Document Detail


Safety and efficacy of a novel intravascular cooling device to control body temperature in neurologic intensive care patients: a prospective pilot study.
MedLine Citation:
PMID:  12441758     Owner:  NLM     Status:  MEDLINE    
Abstract/OtherAbstract:
OBJECTIVE: To determine the safety and efficacy of a novel intravascular cooling device (Cool Line catheter with Cool Gard system) to control body temperature (temperature goal <37 degrees C) in neurologic intensive care patients. DESIGN: A prospective, uncontrolled pilot study in 51 consecutive neurologic intensive care patients. SETTING: A neurologic intensive care unit at a tertiary care university hospital. PARTICIPANTS: Patients were 51 neurologic intensive care patients with an intracranial disease requiring a central venous catheter due to the primary (intracranial) disease. We excluded patients under the age of 19 yrs and those with active cardiac arrhythmia, full sepsis syndrome, bleeding diathesis and infection, or bleeding at the site of the intended catheter insertion. Male to female ratio was 31:20, and the median age was 55 yrs (range, 24-85 yrs). Forty-four of 51 patients (86.3%) had an initial Glasgow Coma Scale score of 3, three patients had a Glasgow Coma Scale score of 9, one patient presented with an initial Glasgow Coma Scale score of 11, two patients had an initial Glasgow Coma Scale score of 13, and one patient had an initial Glasgow Coma Scale score of 15. The mean initial tissue injury severity score was 45.1 and the median initial tissue injury severity score 45.0 (range, 19-70). INTERVENTIONS: Patients were enrolled prospectively in a consecutive way. Within 12 hrs after admission, the intravascular cooling device (Cool Line catheter) was placed, the temperature probe was located within the bladder (by Foley catheter), and the Cool Gard cooling device was initiated. This Cool Gard system circulates temperature-controlled sterile saline through two small balloons mounted on the distal end of the Cool Line catheter. The patient's blood is gently cooled as it is passed over the balloons. The Cool Gard system has been set with a target temperature of 36.5 degrees C. The primary purpose and end point of this study was to evaluate the cooling capacity of this intravascular cooling device. Efficacy is expressed by the calculation formula of fever burden, which is defined as the fever time product ( degrees C hours) under the fever curve. MEASUREMENTS AND MAIN RESULTS: The cooling device was in operation for a mean of 152.4 hrs. The ease of insertion was judged as easy in 42 of 51 patients; in a single patient, the catheter was malpositioned within the jugular vein, requiring early removal. The rate of infectious and noninfectious complications (nosocomial pneumonia, bacteremia, catheter-related ventriculitis, pulmonary embolism, etc.) was comparable to the rate usually observed in our neurologic intensive care patients with such severe intracranial diseases. The total fever burden within the entire study period of (on average) 152.4 hrs was 4.0 degrees C hrs/patient, being equivalent to 0.6 degrees C hrs/patient and day. Thirty of 51 patients showed an elevation of the body temperature (>37.9 degrees C) within 24 hrs after termination of the cooling study. One awake patient (subarachnoid hemorrhage, Glasgow Coma Scale score 15) experienced mild to moderate shivering throughout the entire period of 7 days. The mortality rate was 23.5%. CONCLUSION: This novel intravascular cooling device (Cool Line catheter and Cool Gard cooling device) was highly efficacious in prophylactically controlling the body temperature of neurologic intensive care patients with very severe intracranial disease (median Glasgow Coma Scale score, 3-15). Morbidity and mortality rates were consistent with the ranges reported in the literature for such neurologic intensive patients.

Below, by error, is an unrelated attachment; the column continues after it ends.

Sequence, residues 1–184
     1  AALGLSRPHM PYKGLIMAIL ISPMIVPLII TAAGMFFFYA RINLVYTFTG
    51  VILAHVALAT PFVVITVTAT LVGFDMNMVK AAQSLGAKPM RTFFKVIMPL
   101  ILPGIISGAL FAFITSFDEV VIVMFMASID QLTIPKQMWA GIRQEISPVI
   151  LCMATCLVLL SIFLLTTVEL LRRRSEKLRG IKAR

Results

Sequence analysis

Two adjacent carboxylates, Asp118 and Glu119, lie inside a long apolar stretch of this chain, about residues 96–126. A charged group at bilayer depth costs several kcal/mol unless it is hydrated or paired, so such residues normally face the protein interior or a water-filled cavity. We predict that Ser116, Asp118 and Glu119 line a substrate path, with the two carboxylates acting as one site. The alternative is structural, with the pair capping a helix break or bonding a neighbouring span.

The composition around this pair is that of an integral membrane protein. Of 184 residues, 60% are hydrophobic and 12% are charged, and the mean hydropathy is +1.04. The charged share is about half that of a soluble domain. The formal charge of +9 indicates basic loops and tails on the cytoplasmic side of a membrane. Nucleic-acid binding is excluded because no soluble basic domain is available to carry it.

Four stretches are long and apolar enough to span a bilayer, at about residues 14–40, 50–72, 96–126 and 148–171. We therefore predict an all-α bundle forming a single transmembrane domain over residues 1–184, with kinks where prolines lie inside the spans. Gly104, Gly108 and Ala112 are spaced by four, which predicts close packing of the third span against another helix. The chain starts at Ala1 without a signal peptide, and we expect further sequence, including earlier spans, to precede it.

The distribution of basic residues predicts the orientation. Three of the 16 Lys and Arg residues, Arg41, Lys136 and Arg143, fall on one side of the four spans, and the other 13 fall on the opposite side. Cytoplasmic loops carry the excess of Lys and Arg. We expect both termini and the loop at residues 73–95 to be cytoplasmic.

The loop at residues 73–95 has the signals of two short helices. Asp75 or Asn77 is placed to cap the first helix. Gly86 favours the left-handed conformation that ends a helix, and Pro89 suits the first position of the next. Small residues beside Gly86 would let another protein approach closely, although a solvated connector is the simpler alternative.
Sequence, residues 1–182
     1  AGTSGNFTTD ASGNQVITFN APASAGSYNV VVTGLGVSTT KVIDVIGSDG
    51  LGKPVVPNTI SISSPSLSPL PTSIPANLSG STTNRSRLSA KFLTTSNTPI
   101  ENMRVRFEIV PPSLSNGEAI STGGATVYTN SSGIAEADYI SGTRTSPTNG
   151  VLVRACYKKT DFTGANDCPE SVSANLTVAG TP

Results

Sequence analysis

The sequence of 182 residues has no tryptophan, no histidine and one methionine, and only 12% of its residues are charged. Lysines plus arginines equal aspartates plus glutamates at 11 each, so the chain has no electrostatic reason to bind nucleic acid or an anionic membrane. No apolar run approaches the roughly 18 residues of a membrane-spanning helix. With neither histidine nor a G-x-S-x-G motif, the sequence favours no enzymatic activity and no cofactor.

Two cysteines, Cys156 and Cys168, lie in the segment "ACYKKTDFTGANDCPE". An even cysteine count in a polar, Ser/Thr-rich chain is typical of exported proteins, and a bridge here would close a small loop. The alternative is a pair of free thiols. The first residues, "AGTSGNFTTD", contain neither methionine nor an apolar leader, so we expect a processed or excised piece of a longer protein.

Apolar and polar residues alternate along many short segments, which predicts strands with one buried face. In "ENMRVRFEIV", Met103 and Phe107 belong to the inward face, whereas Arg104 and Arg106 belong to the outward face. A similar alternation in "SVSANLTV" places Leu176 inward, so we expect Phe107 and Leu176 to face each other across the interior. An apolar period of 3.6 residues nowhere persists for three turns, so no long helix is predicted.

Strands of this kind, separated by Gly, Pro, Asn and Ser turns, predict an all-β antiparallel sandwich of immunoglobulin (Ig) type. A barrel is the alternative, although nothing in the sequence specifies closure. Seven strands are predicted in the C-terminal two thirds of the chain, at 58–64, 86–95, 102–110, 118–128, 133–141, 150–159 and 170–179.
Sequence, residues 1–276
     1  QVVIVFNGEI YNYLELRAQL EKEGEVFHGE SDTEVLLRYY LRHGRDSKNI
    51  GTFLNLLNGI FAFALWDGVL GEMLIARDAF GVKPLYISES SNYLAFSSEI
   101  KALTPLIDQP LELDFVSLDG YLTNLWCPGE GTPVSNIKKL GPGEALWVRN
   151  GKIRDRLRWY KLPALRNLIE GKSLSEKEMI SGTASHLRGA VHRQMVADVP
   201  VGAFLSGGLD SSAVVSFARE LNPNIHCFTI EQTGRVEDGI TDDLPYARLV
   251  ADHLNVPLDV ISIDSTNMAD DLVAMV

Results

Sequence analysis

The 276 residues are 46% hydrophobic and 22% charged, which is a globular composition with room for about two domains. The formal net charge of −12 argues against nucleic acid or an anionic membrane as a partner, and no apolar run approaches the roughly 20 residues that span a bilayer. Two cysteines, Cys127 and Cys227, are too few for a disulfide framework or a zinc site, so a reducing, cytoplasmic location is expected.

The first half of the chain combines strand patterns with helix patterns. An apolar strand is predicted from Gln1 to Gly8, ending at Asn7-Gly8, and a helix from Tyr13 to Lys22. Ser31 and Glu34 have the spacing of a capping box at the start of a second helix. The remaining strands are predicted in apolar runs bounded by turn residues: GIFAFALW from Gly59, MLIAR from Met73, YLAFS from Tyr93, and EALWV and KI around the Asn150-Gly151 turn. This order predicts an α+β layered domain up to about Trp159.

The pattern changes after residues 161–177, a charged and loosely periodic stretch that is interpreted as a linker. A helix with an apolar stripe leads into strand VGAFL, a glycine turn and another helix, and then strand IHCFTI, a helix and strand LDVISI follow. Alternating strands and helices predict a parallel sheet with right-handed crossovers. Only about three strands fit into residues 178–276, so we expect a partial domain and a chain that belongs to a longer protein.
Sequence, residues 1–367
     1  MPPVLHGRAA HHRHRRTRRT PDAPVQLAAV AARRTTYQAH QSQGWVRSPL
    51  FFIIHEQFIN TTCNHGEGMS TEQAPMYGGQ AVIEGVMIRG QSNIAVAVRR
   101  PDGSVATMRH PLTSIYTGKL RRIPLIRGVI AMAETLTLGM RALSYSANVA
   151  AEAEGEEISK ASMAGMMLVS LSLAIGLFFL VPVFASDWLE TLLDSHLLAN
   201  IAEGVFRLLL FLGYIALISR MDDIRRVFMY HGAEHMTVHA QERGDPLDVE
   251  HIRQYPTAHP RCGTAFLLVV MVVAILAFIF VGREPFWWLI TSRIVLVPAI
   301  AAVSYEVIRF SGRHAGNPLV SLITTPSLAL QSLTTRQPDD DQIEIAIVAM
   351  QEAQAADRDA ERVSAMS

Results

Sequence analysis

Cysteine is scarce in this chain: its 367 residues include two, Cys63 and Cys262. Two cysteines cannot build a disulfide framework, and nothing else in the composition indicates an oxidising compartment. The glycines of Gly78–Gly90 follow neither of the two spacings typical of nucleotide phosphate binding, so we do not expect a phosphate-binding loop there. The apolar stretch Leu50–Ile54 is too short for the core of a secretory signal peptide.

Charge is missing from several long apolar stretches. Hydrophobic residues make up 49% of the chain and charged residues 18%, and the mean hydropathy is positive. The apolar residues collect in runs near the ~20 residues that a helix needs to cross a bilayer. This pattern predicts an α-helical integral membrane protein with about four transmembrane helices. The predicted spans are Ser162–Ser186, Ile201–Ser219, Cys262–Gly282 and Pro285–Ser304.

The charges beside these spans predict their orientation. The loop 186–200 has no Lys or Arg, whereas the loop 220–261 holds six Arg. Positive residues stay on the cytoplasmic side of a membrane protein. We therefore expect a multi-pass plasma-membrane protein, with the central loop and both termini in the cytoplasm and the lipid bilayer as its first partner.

Authors:
Erich Schmutzhard; Klaus Engelhardt; Ronny Beer; Gregor Brössner; Bettina Pfausler; Heinz Spiss; Iris Unterberger; Andreas Kampfl
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Publication Detail:
Type:  Clinical Trial; Journal Article; Research Support, Non-U.S. Gov't    
Journal Detail:
Title:  Critical care medicine     Volume:  30     ISSN:  0090-3493     ISO Abbreviation:  Crit. Care Med.     Publication Date:  2002 Nov 
Date Detail:
Created Date:  2002-11-20     Completed Date:  2002-12-11     Revised Date:  2006-11-15    
Medline Journal Info:
Nlm Unique ID:  0355501     Medline TA:  Crit Care Med     Country:  United States    
Other Details:
Languages:  eng     Pagination:  2481-8     Citation Subset:  AIM; IM    
Affiliation:
Department of Neurology, University Hospital Innsbruck, Austria.
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MeSH Terms
Descriptor/Qualifier:
Adult
Aged
Aged, 80 and over
Brain Diseases / therapy*
Catheterization, Central Venous / methods*
Catheters, Indwelling
Cryotherapy / instrumentation*,  methods
Equipment Safety
Female
Fever / prevention & control*
Humans
Male
Middle Aged
Pilot Projects
Prospective Studies
Comments/Corrections
Comment In:
Crit Care Med. 2002 Nov;30(11):2598-600   [PMID:  12441780 ]

From MEDLINE®/PubMed®, a database of the U.S. National Library of Medicine


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